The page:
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I have a table with this data in SQL Server :

Id
=====
1
12e
5 

and I want to order this data like this:

id
====
1
5
12e 

My id column is of type nvarchar(50) and I can't convert it to int.

Is this possible that I sort the data in this way?

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3 Answers 3

up vote 1 down vote accepted

I'd actually use something along the lines of this function, though be warned that it's not going to be super-speedy. I've modified that function to return only the numbers:

CREATE FUNCTION dbo.UDF_ParseNumericChars
(
  @string VARCHAR(8000)
)
RETURNS VARCHAR(8000)
WITH SCHEMABINDING
AS
BEGIN
  DECLARE @IncorrectCharLoc SMALLINT
  SET @IncorrectCharLoc = PATINDEX('%[^0-9]%', @string)
  WHILE @IncorrectCharLoc > 0
  BEGIN
    SET @string = STUFF(@string, @IncorrectCharLoc, 1, '')
    SET @IncorrectCharLoc = PATINDEX('%[^0-9]%', @string)
  END
  SET @string = @string
  RETURN @string
END
GO

Once you create that function, then you can do your sort like this:

  SELECT YourMixedColumn
    FROM YourTable
ORDER BY CONVERT(INT, dbo.UDF_ParseNumericChars(YourMixedColumn))
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As a general rule, if you ever find yourself manipulating parts of columns, you're almost certainly doing it wrong.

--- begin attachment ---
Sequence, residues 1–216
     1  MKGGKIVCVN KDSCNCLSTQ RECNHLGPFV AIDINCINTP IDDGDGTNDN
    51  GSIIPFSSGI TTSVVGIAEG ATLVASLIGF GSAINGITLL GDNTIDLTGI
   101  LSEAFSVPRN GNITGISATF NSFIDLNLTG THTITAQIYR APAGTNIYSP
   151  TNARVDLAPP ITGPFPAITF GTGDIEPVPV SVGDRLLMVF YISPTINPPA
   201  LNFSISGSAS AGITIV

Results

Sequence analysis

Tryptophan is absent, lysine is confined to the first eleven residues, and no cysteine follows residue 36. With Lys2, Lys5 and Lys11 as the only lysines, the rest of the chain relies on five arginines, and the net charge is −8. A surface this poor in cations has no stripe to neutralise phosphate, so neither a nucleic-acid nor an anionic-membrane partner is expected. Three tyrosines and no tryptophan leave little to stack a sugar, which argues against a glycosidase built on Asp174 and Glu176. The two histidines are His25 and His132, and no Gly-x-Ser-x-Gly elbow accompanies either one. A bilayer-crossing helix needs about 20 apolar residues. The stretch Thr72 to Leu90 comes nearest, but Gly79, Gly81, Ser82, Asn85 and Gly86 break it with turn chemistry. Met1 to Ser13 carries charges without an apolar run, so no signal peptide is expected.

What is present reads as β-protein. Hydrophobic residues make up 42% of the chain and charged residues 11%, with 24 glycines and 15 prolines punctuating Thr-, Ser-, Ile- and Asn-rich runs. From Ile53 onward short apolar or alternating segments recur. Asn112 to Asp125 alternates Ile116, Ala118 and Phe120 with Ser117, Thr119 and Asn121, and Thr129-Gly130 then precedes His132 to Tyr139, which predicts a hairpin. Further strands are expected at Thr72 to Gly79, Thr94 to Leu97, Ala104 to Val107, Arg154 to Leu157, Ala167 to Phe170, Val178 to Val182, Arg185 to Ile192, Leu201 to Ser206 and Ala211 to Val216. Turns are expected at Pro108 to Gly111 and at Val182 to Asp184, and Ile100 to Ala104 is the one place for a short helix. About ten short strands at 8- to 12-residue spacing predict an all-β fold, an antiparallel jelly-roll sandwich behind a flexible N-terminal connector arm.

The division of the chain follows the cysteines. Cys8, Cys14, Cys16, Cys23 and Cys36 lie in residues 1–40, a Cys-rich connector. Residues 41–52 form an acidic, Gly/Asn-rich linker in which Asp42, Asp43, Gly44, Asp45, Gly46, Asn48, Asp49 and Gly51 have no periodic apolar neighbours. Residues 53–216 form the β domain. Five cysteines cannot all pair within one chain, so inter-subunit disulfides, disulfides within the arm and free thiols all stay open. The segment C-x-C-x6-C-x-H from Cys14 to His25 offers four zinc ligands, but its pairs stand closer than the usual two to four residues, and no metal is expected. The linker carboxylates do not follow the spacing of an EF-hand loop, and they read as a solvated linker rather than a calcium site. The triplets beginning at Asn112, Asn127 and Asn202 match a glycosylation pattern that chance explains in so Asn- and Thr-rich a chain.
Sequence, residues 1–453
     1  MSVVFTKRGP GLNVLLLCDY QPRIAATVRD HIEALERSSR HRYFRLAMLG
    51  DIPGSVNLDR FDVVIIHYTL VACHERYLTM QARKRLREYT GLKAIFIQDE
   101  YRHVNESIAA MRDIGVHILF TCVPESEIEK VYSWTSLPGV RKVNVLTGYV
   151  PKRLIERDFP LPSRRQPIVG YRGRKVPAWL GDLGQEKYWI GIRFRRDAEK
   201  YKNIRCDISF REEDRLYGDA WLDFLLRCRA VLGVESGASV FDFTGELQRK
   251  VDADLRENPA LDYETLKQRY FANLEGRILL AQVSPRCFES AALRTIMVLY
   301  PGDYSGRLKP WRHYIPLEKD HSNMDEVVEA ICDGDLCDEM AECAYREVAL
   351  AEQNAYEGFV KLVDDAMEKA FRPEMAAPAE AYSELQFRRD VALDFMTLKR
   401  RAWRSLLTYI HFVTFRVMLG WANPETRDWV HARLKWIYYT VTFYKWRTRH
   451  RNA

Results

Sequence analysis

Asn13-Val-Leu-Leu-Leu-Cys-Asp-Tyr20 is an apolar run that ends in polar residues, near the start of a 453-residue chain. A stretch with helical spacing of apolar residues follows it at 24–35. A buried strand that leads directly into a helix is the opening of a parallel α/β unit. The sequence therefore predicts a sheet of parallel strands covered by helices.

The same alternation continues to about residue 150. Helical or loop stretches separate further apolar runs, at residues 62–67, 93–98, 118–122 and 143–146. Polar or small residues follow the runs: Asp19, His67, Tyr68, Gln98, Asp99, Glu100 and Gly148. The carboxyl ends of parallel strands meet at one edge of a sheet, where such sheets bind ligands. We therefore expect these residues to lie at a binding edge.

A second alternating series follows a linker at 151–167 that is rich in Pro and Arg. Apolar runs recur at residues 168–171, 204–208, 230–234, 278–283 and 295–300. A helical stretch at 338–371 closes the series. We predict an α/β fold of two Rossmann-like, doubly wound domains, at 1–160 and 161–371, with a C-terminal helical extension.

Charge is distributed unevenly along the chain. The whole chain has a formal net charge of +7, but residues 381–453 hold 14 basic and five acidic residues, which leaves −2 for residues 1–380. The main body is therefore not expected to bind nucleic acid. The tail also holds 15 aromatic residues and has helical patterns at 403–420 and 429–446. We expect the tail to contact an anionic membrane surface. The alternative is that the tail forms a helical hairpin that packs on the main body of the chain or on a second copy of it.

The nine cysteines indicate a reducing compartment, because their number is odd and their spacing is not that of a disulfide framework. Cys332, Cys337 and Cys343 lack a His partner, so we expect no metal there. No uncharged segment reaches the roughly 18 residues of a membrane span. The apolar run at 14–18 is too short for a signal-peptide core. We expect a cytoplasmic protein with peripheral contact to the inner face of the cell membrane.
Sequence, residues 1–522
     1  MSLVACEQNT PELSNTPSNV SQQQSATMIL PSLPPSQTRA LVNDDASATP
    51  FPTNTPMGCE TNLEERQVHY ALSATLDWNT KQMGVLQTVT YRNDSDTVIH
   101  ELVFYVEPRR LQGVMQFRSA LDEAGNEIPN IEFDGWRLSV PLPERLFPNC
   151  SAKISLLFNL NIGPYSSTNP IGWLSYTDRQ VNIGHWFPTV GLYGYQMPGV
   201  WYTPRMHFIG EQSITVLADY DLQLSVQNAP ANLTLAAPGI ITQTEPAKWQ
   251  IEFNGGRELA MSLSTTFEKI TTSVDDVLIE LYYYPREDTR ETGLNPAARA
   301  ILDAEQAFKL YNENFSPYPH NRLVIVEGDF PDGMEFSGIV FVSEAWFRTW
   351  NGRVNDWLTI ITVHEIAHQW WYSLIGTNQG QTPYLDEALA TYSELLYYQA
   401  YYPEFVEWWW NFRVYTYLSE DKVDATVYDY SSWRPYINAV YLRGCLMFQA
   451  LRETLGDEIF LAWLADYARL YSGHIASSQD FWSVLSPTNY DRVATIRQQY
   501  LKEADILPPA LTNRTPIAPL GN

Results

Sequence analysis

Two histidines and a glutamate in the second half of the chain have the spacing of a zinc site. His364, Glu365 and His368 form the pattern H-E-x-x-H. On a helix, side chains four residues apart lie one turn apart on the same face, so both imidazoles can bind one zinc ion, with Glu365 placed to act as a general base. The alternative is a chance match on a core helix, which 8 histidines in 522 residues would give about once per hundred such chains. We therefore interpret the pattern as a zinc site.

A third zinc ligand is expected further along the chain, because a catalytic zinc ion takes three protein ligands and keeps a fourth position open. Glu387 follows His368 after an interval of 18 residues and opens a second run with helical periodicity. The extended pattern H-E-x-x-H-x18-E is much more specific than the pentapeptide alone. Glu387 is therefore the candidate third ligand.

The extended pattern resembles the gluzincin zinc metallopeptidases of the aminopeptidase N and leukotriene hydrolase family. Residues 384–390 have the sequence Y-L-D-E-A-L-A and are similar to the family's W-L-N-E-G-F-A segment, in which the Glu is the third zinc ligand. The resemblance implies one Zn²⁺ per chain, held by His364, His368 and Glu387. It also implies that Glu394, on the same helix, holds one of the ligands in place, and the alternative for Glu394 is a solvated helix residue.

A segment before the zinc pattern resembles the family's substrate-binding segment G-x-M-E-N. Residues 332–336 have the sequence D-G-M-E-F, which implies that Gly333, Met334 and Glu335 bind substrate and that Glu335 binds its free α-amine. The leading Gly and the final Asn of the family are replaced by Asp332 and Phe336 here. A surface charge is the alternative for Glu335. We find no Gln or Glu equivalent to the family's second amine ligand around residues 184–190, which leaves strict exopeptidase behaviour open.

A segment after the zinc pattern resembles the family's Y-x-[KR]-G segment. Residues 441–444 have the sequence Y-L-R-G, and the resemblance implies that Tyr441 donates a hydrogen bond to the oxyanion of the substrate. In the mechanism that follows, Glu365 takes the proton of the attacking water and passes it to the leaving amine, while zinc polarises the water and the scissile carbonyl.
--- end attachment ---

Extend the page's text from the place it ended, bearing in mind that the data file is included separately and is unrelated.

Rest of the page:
If your ID is made up of a numeric and alpha component and you need to fiddle with just the numeric bit, make it two columns and save yourself some angst. In that case, you have an integral id_numeric and a varchar id_alpha and your query is simply:

select   char(id_numeric) | id_alpha as id
from     mytable
order by id_numeric asc

Or, if you really must store that as a single column, create extra columns to hold the individual parts and use those for sorting and selection. But, in order to mitigate the problems in having duplicate data in a row, use triggers to ensure the data remains consistent:

select   id
from     mytable
order by id_numeric asc

You usually don't want to have to do this splitting on every select since that never scales well. By doing it as an update/insert trigger, you only do the splitting when needed (ie, when the data changes) and this cost is amortised across all the selects. That's a good idea because, in the vast majority of cases, databases are read far more often than they're written.

And it's perfectly normal practice to revert to lesser levels of normalisation for performance reasons, provided that you understand and mitigate the consequences.

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Doesn't directly answer the question, but +1 for "If you ever find yourself manipulating parts of columns, you're almost certainly doing it wrong." –  Corbin May 26 '12 at 5:03
    
Actually, the second and third paragraphs answer the question: change the schema. Everything else is a band-aid solution :-) –  paxdiablo May 26 '12 at 5:05
    
I don't consider "change the schema" a direct answer. Though I do consider it the correct one :). –  Corbin May 26 '12 at 5:06

It can be sort with the Len function

 create table #temp (id nvarchar(50) null)
 select * from #temp order by LEN(id)
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I don't think that's what he's looking for - how would this sort 1 before 5 ?? –  marc_s May 26 '12 at 8:21

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